Last week, I posted about my favorite nail color for spring, Come Here! by Essie. Well, I have a new favorite one. In the comments, my friend Osane commented that she liked light jade colors. Instantly intrigued, I decided to try it out for myself, and settled on “First Timer” by Essie. Done and done.
Also, that picture is deceptive, because I took it last Friday, when it was quite bitterly cold (like, 40 degrees and windy), and I was all bundled up, thinking it was a real shame for being mid-May and that bundled. But now it’s not cold. Now, it’s all 70-80 degrees for the next week! Por fin.
A couple weeks ago, I had panna cotta for dessert out at dinner one night. It was delectable: served in a glass cup, with a cherry compote top, I dug in and said to myself, I must make this. Every time I have panna cotta, I think it is so delectably good, but it never occurred to me to make it, because I thought it would be hard. Well, I made it the other night, and I am here to say it is one of the easiest desserts I have made in quite a while.
I think panna cotta just entered into my repertoire…
I found the recipe in The Italy Issue of Bon Appétit from May 2011. Yes, I have been saving it since then (it’s stocked with good recipes, and I am ashamed to admit it’s only now — May 2013 — that I’ve taken it upon myself to make a couple). Anyway, without further ado, here it is. Make it. I promise it couldn’t be easier or more worth it.
Lemon Panna Cotta
recipe from Jimmy Bannos, Jr. The Purple Pig, Chicago
from the Italy Issue of bon appétit, May 2011
Note: This recipe originally appears as “Lemon Panna Cotta with Lemon Marmalade” in the magazine, but I omitted the lemon marmalade in mine. I think it is good enough without it (and much easier to make, to boot).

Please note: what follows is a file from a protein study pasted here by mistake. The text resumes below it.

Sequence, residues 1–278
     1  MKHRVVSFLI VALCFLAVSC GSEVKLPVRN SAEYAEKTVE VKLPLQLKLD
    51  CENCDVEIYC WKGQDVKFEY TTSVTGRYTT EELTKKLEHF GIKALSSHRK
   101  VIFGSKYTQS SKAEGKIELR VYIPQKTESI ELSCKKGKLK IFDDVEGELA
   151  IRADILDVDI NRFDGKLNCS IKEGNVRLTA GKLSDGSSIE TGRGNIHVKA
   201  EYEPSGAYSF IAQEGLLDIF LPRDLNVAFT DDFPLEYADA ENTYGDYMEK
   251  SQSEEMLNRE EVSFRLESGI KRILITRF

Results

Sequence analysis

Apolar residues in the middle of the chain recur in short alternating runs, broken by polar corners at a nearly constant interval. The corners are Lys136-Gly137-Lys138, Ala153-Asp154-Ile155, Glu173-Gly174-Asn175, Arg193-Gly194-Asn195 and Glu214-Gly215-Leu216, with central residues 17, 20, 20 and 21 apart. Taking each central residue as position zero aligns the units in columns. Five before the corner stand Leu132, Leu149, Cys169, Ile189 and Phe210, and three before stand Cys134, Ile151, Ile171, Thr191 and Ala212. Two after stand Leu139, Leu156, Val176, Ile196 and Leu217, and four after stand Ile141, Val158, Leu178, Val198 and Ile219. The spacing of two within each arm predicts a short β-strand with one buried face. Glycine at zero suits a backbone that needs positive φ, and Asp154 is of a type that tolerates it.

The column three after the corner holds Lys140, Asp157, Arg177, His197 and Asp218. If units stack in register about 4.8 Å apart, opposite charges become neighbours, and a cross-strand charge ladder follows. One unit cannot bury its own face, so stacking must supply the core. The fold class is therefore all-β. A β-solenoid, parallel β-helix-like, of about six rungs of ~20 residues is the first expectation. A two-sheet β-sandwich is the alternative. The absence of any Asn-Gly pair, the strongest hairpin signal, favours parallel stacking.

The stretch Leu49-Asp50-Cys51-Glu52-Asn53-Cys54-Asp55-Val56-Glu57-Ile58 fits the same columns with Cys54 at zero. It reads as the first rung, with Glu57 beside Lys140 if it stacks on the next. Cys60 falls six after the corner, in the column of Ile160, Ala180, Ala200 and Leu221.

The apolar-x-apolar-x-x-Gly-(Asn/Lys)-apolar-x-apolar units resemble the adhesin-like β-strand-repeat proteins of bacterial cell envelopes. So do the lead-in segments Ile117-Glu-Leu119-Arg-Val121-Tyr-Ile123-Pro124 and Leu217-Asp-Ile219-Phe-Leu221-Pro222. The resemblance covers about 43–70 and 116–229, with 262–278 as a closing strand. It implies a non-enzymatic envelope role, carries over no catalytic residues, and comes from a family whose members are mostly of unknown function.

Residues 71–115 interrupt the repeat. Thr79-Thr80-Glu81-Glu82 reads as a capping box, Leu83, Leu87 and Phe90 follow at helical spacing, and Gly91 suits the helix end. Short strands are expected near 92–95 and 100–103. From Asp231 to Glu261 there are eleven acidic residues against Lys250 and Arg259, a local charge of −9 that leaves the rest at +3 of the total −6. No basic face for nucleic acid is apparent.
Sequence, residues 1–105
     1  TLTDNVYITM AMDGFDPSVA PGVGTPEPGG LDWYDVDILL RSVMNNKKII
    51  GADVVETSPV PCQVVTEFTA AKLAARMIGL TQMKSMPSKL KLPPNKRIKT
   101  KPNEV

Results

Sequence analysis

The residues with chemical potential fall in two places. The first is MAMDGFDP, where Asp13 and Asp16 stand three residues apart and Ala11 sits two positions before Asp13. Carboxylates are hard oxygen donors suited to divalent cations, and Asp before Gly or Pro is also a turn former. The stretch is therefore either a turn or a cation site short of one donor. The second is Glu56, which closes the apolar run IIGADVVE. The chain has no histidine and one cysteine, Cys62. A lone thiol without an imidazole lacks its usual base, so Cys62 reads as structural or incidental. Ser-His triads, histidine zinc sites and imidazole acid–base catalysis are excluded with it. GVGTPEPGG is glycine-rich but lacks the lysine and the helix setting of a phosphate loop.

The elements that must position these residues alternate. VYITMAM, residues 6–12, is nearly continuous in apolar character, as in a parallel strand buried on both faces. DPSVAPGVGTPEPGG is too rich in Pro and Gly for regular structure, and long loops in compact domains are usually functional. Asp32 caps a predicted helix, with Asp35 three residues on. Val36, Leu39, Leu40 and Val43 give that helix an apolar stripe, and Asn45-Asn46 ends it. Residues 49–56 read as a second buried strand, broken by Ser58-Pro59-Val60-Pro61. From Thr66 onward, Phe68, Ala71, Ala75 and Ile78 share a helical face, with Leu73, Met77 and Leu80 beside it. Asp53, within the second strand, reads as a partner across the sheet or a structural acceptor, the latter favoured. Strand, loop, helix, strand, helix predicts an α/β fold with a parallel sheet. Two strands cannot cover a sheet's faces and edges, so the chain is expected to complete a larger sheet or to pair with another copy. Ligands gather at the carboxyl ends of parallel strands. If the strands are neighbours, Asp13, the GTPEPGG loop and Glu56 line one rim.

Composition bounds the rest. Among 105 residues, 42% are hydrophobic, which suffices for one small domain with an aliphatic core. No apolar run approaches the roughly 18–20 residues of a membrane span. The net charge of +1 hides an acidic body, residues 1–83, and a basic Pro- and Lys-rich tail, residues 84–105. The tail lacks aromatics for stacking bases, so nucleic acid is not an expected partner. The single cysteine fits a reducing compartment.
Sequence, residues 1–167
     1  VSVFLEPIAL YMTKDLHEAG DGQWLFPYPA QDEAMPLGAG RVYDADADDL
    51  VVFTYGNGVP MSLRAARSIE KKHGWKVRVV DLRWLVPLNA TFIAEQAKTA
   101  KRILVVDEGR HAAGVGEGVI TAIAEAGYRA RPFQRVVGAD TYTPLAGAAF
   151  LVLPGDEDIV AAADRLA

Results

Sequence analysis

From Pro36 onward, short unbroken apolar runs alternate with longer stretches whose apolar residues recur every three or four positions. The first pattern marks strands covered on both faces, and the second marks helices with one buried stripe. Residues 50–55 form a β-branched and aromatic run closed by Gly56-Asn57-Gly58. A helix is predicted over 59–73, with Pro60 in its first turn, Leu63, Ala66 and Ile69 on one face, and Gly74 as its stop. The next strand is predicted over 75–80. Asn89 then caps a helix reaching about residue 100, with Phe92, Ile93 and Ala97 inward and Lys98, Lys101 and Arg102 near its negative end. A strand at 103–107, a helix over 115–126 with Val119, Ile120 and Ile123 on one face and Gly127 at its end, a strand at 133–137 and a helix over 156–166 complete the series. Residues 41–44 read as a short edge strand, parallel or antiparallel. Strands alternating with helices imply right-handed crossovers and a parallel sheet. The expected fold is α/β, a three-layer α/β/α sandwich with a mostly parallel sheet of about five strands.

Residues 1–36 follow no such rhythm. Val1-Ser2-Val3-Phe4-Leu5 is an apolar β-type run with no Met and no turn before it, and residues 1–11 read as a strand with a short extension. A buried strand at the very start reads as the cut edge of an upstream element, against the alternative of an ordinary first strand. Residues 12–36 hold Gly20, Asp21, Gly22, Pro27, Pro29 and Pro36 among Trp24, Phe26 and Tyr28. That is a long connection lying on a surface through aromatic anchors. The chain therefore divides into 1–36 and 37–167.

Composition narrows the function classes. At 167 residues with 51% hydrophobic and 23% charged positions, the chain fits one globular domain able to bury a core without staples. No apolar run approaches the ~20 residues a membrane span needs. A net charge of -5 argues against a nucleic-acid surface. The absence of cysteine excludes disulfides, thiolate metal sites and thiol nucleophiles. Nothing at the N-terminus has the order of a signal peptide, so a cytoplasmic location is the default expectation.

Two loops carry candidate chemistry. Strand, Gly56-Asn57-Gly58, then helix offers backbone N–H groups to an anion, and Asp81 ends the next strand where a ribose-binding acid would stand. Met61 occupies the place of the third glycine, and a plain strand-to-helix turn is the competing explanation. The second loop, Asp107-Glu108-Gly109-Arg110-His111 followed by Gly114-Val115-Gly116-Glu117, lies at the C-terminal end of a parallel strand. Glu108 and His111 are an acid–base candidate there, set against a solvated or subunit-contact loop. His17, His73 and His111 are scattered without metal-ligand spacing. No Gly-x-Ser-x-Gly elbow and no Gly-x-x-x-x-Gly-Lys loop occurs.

1 cup whole milk, divided
2 tsp. unflavored gelatin
2.5 cups heavy whipping cream
1/2 cup sugar
Peel from 1 lemon (removed with a vegetable peeler)
1 vanilla bean, split lengthwise
Pour 1/2 cup milk into a medium bowl and sprinkle gelatin over. Let sit until gelatin softens, about 15 minutes.
Meanwhile, combine cream, sugar, lemon peel, and remaining 1/2 cup milk in a large saucepan. Scrape vanilla seeds from bean into saucepan; add bean. Bring to a simmer over medium heat, whisking until sugar dissolves. Remove from heat; cover and let steep for 10 minutes.
Bring cream mixture back to a simmer. Add gelatin mixture and stir until dissolved. Strain. Divide among six 3/4-cup ramekins. Chill until panna cotta is set, at least six hours, or up to two days.
Using a small sharp knife, cut around edges of each panna cotta. You could also loosen it by dipping the bottom of the ramekin in boiling water for a few seconds. Place a small serving plate atop each ramekin and invert, allowing panna cotta to settle onto the plate.
Or, you could instead serve it straight from the ramekin or little glass cups, and skip that last step.
Last week, I decided I wanted to re-read the Great Gatsby before going to see the movie in theatre, so that is what I’ve been doing. My Friday night activity included a glass of wine at the Coffee Studio (they serve wine & beer there during evening hours) with Heather, reading the Great Gatsby. And oh, it is lovely. I read it once in high school, but haven’t read it since, and I see it different now. I am very glad to be rediscovering it all over again. The prose itself is practically poetry, and I have this vision of F. Scott Fitzgerald trotting around Europe with his expat crew — I think it’s time to revisit Hemingway next.